Mesoscopic Community Structure of Financial Markets Revealed by Price and Sign Fluctuations Assaf Almog*, Ferry Besamusca, Mel MacMahon, Diego Garlaschelli Instituut-Lorentz for Theoretical Physics, Leiden Institute of Physics, University of Leiden, Niels Bohrweg 2, 2333 CA Leiden, The Netherlands

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* [email protected]

Abstract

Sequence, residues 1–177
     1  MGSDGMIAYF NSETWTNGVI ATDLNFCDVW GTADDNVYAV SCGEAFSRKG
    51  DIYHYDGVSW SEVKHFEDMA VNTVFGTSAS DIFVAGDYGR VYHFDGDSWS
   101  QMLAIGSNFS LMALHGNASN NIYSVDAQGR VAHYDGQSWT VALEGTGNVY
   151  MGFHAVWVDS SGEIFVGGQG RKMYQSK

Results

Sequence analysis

OPEN ACCESS Citation: Almog A, Besamusca F, MacMahon M, Garlaschelli D (2015) Mesoscopic Community Structure of Financial Markets Revealed by Price and Sign Fluctuations. PLoS ONE 10(7): e0133679. doi:10.1371/journal.pone.0133679 Editor: Gabor Peli, Universiteit Utrecht, NETHERLANDS Received: April 15, 2015 Accepted: June 29, 2015 Published: July 30, 2015 Copyright: © 2015 Almog et al. This is an open access article distributed under the terms of the Creative Commons Attribution License, which permits unrestricted use, distribution, and reproduction in any medium, provided the original author and source are credited. Data Availability Statement: Data are publicly available at various financial sites: http://www. bloomberg.com/, http://finance.yahoo.com/. Instructions for obtaining the data necessary to replicate this study are included in the Methods section of the paper. Funding: AA and DG acknowledge support from the Dutch Econophysics Foundation (Stichting Econophysics, Leiden, the Netherlands). This work was also supported by the EU project MULTIPLEX (contract 317532) and the Netherlands Organization for Scientific Research (NWO/OCW). The funders had no role in study design, data collection and